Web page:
I was drawn to Torney's bold and aggressive use of paint, where the image or motif is really at the surface of the paint. Torney displays a passion for the materiality of paint - seductive and juicy qualities heightened by the use of a medium that gives it it's sexy shine, further drawing attention to the paint itself. The sense is that the painting was created out in the observable landscape exists, as paint and image coalesce into one despite suggestion of an observed motif.
James Stroud, Judge's commentary in awarding Blue Ribbon honors for the Gallery 334 juried exhibition - Fall 2014
Ian worked as an Artist-In-Residence for the six months preceding his exhibit "Surface To Air" shown in our galleries in July 2012, and I had the privilege of seeing a few of the paintings take form as Ian worked in his Attic Studio. The process and method of creating art is as personal and unique as the final product. Peering into the artists’ studio can reveal a greater insight into art they create. I can attest to the contemplation that went into the compositions, values and hues. This series of landscapes that teeter on abstraction are successful because they were painted with the intentionality of a landscape painter and the spirit of an abstractionist.
Ryan Linehan, Kimball Jenkins Estate Executive Director Commentary for the solo exhibition "Surface To Air" - July 2012
My most recent body of work – the “At The Horizon” series – is an idea that I have been exploring for nearly three years now. Regarding the horizon, in his evocative opening of HEART OF DARKNESS Joseph Conrad writes: “The sea-reach of the Thames stretched before us like the beginning of an interminable waterway. In the offing the sea and sky were welded together without a joint… A haze rested on the low shores that ran out to seas in vanishing flatness.” And in his own philosophical response to that passage in the introduction to his book THE HORIZON , Didier Maleuvre contemplates that scene and its connotations, commenting that: “Above is the sky; below is the fathomless deep. Nature appears in the primeval, geometric, naked fact of it; there is the earth and there is the sky. Nothing is hidden, nothing obfuscated. Yet the scene is profoundly mysterious. Its immensity kindles thoughts of ultimate concern. The human gaze spans the near and the far, the familiar and the remote.” Maleuvre goes on to cite philosopher Blaise Pascal, and what Pascal termed “the grandeur and the misery” of human perception; Maleuvre concluded that: “We, voyagers, can dream of would-be places and faraway worlds; we intuit the infinite; yet all this infinity highlights is, in the end, the limit of human knowledge: in the end we see only as far as we CAN see. And the more we know how limitedly we see, the more our imagination ventures beyond the blurry boundary….” This current series “At The Horizon” has evolved into my own exploration of the boundless implications of ambiguity, mystery, and promise found where the earth meets the sky. It is an exploration directed as much by where the paint leads as it is by what the subject inspires. Many of these smaller eight-by-eight-inch studies on panels have been or will be translated into much larger works – some into 12-by-12-inches finished paintings, or most ambitiously onto 24-by-24- or 36-by-36-inch canvases, with the largest to date on a 42-by-42-inch canvas.
Ian Torney, Artist Statement for the Nesto Gallery solo exhibit "At The Horizon: Recent Works" – April/May 2012.
Ian Torney presents two bodies of work, that speak to the dichotomy of his practice as a painter: traditional landscapes, many painted in the plein-air tradition on site and from observation, and some larger studio creations; and also two new sequence-of-six groups of paintings from his "On The Seventh Day He Rested" series, still rooted in the landscape as a point of departure, but about the sky, and about the paint, that explore the tension between realism and abstraction.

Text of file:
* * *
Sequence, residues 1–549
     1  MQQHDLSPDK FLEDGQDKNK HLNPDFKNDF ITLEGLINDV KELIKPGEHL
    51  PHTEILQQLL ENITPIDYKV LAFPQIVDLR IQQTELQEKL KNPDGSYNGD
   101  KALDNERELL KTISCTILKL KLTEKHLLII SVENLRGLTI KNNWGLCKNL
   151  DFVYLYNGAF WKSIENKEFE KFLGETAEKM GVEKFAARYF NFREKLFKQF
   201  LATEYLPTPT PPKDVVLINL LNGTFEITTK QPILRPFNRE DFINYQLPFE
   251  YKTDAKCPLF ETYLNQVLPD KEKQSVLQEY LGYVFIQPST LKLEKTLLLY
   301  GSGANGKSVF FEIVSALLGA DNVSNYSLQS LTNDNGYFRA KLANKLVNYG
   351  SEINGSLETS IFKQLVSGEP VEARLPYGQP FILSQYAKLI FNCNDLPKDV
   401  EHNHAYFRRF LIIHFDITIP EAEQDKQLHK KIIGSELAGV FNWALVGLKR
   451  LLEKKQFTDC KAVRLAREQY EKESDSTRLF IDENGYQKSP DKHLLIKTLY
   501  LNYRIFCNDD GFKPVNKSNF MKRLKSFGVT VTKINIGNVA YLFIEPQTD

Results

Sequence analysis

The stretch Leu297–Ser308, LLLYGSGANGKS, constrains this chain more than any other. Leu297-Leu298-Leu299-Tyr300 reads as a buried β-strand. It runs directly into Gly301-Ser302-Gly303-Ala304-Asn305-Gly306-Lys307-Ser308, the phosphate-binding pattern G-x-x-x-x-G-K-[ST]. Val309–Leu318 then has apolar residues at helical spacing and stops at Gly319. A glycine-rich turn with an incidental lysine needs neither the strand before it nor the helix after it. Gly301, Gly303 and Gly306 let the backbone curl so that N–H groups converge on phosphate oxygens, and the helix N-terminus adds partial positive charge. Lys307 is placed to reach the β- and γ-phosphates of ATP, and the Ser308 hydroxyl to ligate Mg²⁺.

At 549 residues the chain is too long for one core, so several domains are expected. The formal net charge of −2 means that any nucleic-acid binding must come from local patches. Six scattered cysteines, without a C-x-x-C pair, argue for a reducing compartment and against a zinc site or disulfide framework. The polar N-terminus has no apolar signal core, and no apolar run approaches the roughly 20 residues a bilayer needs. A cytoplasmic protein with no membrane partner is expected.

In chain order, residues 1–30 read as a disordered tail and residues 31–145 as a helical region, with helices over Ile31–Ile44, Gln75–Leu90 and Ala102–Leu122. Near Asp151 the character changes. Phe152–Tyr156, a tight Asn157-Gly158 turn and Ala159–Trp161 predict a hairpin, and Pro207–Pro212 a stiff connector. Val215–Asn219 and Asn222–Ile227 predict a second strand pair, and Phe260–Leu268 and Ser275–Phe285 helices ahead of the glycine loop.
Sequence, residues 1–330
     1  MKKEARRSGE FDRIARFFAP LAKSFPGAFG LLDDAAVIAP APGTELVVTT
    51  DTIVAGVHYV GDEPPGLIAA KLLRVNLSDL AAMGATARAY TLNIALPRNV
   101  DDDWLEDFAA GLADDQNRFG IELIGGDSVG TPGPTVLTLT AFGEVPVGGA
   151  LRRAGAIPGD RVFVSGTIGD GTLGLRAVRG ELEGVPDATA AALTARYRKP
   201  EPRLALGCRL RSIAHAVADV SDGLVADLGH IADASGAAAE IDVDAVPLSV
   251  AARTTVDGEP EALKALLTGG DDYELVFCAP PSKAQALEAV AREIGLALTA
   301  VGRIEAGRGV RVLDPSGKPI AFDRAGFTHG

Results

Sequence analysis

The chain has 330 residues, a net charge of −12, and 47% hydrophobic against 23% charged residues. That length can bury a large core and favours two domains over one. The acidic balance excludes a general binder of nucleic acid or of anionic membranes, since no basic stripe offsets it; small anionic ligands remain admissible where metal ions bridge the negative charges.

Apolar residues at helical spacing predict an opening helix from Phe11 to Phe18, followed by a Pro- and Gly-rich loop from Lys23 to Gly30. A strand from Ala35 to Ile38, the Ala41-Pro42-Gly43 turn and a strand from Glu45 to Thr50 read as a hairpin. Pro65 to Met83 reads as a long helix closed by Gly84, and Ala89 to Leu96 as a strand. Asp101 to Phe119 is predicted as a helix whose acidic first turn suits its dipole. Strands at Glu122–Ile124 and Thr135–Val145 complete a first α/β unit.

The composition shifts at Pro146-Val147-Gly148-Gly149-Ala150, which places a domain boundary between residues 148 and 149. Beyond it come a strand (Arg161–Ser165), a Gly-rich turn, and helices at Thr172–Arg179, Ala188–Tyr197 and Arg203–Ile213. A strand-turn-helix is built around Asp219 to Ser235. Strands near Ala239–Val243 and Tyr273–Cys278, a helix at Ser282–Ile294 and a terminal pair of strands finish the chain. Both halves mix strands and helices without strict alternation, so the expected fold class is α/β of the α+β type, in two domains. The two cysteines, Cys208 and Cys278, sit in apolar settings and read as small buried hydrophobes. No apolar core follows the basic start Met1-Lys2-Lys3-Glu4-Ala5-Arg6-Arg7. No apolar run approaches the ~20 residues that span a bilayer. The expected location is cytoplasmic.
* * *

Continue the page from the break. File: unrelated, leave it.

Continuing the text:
Pam Tarbell, Mill Brook Gallery Director Commentary - May 2009.
From Ian Torney’s “Skies I Saw This Week” series, the seven-panel polyptych - all skyscapes - demonstrate an elegant coherence to several strands of independent thought interlaced in this culminating graduate work. These strands include an interest in plein-air painting; alter pieces, iconography, the sublime, the complex role of photography both as a competing standard for representation and a practical tool for the modern painter, and the medium of oil paint itself. As an act of problem solving it is a commendable feat. The pictorial structure is complex, and well varied, and sophisticated. The brave use of garish, high gloss final varnish alludes to the photograph while the paint echoes Constable. The formatting of the panels resembles Polaroid snapshots. An array of rectangles - vertical, horizontal, and square - lend a minimalist vibration to the overall arrangement. The framing plays upon multi-paneled church art. Most importantly, the work operates completely within its own inherent motives. The outcome is quite stunning.
Eugene Dorgan, Art Institute of Boston MFA Faculty Review - June 2008.
Does Ian Torney make clouds out of paint? Or paint out of clouds? The movement of pigment on his surfaces has a quality almost meteorological that makes the distinction meaningless.
Anthony Apesos, Art Institute of Boston MFA Faculty Review - June 2007.
Ian Torney's new paintings are honest and direct and very personally motivated. The fashion and theory surrounding contemporary painting is not this painter's agenda. Evolving out of the artist's long practice of plein-air painting, this new body of work is still a pure response to a given place, much in the tradition of Fairfield Porter; but they explore the material of the paint, and leave the subject of landscape, creating space within the mass of the medium, and utilizing scale and mark and gesture, often without reference to anything in particular....